The Outer Worlds features a standard first person shooting system where your player stats and damage output are as crucial as your mechanical skills with a weapon of your choice. You have a time dilation ability which slows down time and allows you to target weak points on your enemies for extra damage. Your companions will also aid you in battle, and you can use their special abilities like a hammer smash or a dropkick for some serious damage. Furthermore, you are also given the option to alter their behavior to be as aggressive or passive on the battlefield as you want them to be – so you do get plenty of dials to fine tune the tactical aspect of the combat.
You also get plenty of weapons to collect during your adventure, but most of them are repeat variants of the same handful of weapon types with different stats or ammo types. Progression in The Outer Worlds is also pretty standard stuff with little in the name of distinguishing factors. Each skill point gives you 10 points to invest in stats like hacking, dialog, science, or defense. Perks allow you to equip permanent buffs like increased health or increased sprint speed through separate trees for you and your companions. There’s the signature Flaws system which gives you the option to trade a permanent debuff for an extra Perk point, but I never felt the need to engage with that system since I was always ahead of the power curve during my playthrough.
"Between the combat feeling too easy and the fact that there isn’t much of an endgame component in The Outer Worlds, there’s little reason to grind and reach the new level cap of 99."
And that results in combat feeling too easy, at least on the normal difficulty provided you spend a bit of your time to thoroughly collect resources and loot. Enemy AI hasn’t seen much of a difference from the launch version, so you can still easily hide behind cover and pick entire squads of enemies one by one from a safe distance. In addition to this, the enemy variety also feels lacking for an RPG of this scale, and the combat starts to run its due course as you reach the conclusion of the game. Between this and the fact that there isn’t much of an endgame component in The Outer Worlds, there’s little reason to grind and reach the new level cap of 99.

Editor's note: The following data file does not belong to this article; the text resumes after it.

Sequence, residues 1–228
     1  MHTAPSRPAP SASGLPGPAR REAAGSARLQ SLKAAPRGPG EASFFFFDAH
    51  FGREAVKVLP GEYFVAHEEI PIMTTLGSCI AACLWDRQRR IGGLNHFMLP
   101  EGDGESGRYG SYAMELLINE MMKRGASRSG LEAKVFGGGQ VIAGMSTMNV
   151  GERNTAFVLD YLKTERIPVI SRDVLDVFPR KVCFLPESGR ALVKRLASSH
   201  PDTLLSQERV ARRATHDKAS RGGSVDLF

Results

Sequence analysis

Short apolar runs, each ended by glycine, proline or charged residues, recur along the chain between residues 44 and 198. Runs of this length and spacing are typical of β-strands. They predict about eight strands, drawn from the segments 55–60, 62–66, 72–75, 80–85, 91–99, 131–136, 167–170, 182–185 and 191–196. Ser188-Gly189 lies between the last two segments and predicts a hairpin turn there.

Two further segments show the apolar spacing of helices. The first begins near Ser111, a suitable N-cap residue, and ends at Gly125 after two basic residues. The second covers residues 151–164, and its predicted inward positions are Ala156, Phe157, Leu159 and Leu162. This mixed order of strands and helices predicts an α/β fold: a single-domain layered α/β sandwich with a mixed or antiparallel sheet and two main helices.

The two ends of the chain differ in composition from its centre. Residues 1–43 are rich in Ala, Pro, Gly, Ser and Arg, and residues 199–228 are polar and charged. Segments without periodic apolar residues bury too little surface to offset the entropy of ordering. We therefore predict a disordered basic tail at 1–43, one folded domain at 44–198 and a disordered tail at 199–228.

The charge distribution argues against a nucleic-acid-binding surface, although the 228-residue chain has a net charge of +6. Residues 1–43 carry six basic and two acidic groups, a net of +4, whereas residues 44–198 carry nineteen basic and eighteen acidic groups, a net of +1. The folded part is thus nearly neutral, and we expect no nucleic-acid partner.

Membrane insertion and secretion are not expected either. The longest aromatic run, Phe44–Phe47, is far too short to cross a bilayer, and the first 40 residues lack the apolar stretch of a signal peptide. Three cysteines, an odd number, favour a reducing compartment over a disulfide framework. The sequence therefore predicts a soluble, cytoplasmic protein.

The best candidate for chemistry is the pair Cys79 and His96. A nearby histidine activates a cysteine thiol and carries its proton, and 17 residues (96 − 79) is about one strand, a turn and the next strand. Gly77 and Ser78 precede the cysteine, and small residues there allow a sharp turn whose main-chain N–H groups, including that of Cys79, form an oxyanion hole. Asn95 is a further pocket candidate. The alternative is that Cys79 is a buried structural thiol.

Thankfully, the DLCs don’t really focus much on the combat and instead shift the game’s focus on other aspects like investigating a mystery. But they still require you to get past a certain point in the main quest to access, and this feels like a missed opportunity. The developers could have implemented a system where players would have the option to start the DLCs with an appropriately leveled character from the get go instead of having to work through a sizable chunk of the campaign to be able to access this content. It’s not like the DLCs are connected to the main story in any meaningful way, which makes the absence of such an accessibility feature all the more egregious in this version.
"I mostly stuck on the 60fps performance mode on the PS5 version of the game, and I frequently saw slowdowns during intensive combat sequences and also while exploring the planet."
The Outer Worlds: Spacer’s Choice Edition does very little to entice returning players for another playthrough. There’s no extra content in this version to speak of, and the quality of life upgrades are also pretty shoddy. The texture quality seems almost identical to the original with muddy textures and inconsistently detailed character models, and the draw distance for the environments is still low which results in visible pop-ins in most open areas.
The performance in the PS5 version is all over the place. I mostly stuck on the 60fps performance mode, and I frequently saw slowdowns during intensive combat sequences and also while exploring the many planets. Furthermore, I also experienced multiple crashes during my time with the game – and this can add up to make for a pretty frustrating experience after a while.
In conclusion, The Outer Worlds: Spacer’s Choice ends up being a half baked package that doesn’t really justify its price tag. Whatever miniscule upgrades have been done to the experience don’t really amount to much in the grand scheme of things, and with performance issues galore – Spacer’s Choice isn’t the definitive edition of the game that it clearly wanted to be. It’s an easy pass for those who have already played through the game and its DLCs. And those who haven’t played it, they might be better off sticking to other better games in the genre.
This game was reviewed on the PlayStation 5.
A decent setting and progression system, standard first person shooting, loading times are faster thanks to SSD.
Performance issues resulting in major frame rate drops and plenty of crashes, minuscule visual upgrades, lack of accessibility features.